Abstract

In 2014, nearly 85% of the Scottish electorate went to the ballot boxes to cast their vote in the independence referendum. For those of us who supported independence, the choice could not have been simpler, and despite a last-minute surge towards a Yes vote, the No side came off victorious, 55% to 45%. Scotland chose to remain part of the United Kingdom. The result, for people like myself, was devastating. As a long-standing independence supporter and campaigner, the result was a bitter pill to swallow, as my own Scottish identity now felt threatened. While new ideas about what it means to be Scottish are enjoying a renaissance in Scotland, overseas Scots like myself, face challenges when expressing our identity in regions that may or may not be familiar with Scotland. This chapter will explore Scotland’s new push towards national sovereignty and my own experiences as an immigrant dealing with outdated stereotypes, and in some cases complete ignorance of Scotland, in Australia and Japan.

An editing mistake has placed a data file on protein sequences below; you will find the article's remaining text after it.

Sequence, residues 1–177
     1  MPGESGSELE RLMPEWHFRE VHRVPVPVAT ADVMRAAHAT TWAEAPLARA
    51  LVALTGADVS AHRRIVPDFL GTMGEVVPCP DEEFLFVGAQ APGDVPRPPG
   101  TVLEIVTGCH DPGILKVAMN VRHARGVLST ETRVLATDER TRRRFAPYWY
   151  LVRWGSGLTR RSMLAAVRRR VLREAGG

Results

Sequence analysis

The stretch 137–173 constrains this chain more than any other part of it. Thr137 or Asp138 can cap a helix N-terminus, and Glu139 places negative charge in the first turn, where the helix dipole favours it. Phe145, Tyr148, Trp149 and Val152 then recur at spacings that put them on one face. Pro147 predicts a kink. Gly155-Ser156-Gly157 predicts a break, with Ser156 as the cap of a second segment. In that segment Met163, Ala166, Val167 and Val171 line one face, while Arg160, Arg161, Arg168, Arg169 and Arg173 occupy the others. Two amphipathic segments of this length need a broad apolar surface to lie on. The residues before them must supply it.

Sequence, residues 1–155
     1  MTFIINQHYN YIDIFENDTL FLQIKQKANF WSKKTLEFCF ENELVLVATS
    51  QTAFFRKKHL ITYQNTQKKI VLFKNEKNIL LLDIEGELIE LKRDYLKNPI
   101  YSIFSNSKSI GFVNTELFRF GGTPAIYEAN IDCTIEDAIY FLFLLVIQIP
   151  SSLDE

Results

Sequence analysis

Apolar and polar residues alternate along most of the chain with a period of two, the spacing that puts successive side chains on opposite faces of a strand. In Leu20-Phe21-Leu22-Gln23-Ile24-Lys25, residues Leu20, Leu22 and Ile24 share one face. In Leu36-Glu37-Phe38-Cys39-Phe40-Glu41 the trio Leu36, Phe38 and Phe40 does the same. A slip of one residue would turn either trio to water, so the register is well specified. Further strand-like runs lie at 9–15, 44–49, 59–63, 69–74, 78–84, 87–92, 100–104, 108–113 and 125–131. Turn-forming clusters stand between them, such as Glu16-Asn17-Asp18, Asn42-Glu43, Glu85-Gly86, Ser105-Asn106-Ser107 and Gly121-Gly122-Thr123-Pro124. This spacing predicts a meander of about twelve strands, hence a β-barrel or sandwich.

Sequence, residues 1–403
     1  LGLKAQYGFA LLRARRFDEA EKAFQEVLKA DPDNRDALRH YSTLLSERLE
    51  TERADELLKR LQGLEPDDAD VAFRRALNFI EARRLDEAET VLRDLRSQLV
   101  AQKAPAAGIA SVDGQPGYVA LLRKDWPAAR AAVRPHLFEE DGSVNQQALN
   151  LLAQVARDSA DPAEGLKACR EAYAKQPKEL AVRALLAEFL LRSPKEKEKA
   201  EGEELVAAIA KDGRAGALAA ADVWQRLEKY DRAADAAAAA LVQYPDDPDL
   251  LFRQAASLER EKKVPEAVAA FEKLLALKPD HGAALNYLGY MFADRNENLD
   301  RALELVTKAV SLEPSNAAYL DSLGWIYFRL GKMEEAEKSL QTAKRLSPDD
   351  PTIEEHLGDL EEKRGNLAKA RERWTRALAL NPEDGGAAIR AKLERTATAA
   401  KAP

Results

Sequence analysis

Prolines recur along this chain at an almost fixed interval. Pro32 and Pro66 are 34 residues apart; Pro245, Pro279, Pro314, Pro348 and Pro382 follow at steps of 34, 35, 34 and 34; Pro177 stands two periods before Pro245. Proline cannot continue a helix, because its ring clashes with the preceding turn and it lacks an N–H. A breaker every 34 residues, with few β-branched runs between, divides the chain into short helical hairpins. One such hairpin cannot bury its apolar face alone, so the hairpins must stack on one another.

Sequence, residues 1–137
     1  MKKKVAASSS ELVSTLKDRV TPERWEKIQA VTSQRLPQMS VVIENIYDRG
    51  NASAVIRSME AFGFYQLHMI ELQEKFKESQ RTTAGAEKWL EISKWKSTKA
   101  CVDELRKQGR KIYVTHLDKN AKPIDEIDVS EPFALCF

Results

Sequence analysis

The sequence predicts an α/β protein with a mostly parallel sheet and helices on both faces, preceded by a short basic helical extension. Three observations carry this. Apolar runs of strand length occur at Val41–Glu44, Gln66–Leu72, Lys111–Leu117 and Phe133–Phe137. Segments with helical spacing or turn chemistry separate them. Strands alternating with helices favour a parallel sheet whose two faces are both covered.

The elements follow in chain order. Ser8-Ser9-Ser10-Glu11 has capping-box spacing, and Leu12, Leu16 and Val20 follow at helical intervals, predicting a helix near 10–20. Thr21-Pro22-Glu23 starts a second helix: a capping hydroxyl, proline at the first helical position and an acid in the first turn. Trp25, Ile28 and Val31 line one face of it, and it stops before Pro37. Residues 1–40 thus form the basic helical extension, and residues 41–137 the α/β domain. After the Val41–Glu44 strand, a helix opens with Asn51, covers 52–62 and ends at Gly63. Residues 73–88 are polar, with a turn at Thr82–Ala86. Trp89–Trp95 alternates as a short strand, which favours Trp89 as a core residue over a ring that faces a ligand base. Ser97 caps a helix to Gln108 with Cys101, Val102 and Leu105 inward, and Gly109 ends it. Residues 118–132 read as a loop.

In: Intercultural Mirrors